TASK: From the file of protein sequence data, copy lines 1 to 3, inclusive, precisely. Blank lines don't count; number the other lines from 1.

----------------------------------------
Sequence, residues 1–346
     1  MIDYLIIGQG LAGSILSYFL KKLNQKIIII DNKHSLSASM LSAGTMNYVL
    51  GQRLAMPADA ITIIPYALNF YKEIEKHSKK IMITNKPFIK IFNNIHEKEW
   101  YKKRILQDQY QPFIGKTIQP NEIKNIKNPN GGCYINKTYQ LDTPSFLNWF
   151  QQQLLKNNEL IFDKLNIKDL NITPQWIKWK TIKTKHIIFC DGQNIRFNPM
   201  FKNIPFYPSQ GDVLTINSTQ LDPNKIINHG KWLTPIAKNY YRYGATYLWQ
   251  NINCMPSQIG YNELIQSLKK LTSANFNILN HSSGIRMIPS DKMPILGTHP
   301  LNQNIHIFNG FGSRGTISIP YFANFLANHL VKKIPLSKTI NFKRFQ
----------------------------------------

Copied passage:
Sequence, residues 1–346
     1  MIDYLIIGQG LAGSILSYFL KKLNQKIIII DNKHSLSASM LSAGTMNYVL
    51  GQRLAMPADA ITIIPYALNF YKEIEKHSKK IMITNKPFIK IFNNIHEKEW